Monday, February 25, 2013

A robot with "dermal displays?"


I have taken Bernard's advice.

I am referring of course to my writing partner nigh-lifelong pal, Bernard Sell.  About one month back, he asked me the question, "have you ever written anything about robots?"  It was such a simple question and I was astounded by my answer.  No, I have never written about a science fiction concept of which I have always enjoyed.  Aside from my youthful yet abortive attempt at a take-off on "Kilroy Was Here."  

So I do have a book in the works that will deal with a robot.  In sifting through the Interwebs in search of research material, I came across this tidbit from Gina Miller, whom I am given to understand goes by "Nanogirl."  She did a bit of animation for a concept project called "dermal displays." Dermal displays entail the implantation of three billion pixelbots just beneath the surface of someone's skin.  Through light emitted by the nanobots, an actual display read-out would be visible upon the user's epidermis.  You can watch a mock up vid of it here featuring none other than Ray Kurzweil.

One potential application of these dermal displays would be interaction with a contingent of medical nanobots already in the user's body.  The display would give vitals, such as heart rate, respiration, and blood sugars, and the user would give the medical bots instructions based accordingly.  I shall leave other applications to your imagination.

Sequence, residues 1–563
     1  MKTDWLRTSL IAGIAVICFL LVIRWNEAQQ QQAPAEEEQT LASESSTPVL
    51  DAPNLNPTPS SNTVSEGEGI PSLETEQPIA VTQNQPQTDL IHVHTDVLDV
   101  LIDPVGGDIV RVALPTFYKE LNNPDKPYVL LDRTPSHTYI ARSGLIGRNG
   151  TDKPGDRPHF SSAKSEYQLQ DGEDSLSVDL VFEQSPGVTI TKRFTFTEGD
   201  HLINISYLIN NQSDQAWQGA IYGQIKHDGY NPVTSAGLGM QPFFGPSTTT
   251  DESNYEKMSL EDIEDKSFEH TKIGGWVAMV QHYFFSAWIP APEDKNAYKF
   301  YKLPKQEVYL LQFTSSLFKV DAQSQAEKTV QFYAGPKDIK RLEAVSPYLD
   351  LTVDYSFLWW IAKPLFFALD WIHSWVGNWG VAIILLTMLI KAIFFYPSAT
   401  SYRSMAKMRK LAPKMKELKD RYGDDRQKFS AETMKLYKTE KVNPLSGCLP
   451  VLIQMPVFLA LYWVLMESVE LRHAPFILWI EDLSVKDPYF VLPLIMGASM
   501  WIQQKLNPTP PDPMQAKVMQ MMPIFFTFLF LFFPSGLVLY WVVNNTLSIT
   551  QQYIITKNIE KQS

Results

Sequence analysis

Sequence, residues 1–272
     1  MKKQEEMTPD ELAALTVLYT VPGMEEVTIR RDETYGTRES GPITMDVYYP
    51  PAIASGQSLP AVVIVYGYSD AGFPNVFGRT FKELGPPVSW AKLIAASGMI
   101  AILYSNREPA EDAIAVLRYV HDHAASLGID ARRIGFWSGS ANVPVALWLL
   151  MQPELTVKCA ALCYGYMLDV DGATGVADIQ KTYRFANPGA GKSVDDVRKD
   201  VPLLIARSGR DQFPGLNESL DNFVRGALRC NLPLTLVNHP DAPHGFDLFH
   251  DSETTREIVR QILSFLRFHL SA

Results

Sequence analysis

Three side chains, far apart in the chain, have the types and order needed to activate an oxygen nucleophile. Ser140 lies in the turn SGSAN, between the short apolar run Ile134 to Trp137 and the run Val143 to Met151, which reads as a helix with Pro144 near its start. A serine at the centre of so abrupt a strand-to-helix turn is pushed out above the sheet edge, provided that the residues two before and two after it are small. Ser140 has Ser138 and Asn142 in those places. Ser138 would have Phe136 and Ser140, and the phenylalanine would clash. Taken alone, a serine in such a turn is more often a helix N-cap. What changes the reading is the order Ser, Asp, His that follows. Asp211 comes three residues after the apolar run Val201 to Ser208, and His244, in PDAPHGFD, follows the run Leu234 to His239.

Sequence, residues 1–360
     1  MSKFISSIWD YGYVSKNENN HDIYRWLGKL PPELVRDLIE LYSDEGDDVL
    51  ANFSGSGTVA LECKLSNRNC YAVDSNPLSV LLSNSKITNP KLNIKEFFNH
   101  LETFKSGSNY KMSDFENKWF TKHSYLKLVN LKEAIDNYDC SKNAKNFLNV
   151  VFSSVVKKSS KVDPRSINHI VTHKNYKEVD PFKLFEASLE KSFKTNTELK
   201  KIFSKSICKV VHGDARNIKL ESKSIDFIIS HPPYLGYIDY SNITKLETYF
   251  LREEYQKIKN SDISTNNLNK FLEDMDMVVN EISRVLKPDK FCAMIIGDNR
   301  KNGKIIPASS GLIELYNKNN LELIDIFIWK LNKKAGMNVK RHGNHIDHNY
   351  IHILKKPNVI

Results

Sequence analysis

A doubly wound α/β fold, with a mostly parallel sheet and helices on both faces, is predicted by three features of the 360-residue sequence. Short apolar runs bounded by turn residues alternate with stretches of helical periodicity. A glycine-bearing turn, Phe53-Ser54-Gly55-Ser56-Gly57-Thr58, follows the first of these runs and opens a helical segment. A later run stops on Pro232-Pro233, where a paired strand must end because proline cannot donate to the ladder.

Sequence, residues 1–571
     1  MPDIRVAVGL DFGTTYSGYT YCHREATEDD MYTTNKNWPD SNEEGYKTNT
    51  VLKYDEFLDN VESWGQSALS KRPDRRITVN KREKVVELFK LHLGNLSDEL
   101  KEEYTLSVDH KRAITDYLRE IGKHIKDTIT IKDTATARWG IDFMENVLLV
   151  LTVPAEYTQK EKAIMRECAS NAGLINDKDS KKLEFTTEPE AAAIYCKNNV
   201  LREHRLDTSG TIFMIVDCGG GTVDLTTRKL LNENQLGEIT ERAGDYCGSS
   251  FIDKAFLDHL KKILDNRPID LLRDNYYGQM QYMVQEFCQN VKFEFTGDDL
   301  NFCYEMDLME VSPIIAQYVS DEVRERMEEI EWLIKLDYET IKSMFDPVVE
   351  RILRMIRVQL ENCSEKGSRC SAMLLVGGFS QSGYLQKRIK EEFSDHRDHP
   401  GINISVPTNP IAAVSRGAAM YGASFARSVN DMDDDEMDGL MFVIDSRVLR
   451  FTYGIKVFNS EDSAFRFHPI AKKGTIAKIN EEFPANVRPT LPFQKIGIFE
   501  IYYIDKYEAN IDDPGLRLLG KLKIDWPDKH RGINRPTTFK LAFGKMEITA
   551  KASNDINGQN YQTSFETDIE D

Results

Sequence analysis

Will my bot have dermal displays beneath its latex skin?  I think so.  Question is, what will the displays be for?  That all depends how wild I choose to get in context of the story's tone, which is right now rather satirical.  I could take a cue from William Burroughs, who said that "the word is now a virus" and that "modern man has lost the option of silence." Should my robot be Burroughsian in that it is mute, communicating instead through dermal displays?  To be effective for the reader, however, such communication must entail words.  I would think, anyway.

Maybe it's a challenge for the author.  Can I convey what I want to say through description of symbolism in the dermal displays?  Perhaps a combination of speech and display?

I don't know.  The story is still developing.

What would your taste as a reader suggest?

Wait, I've got it: Etch-a-Sketch tattoos.


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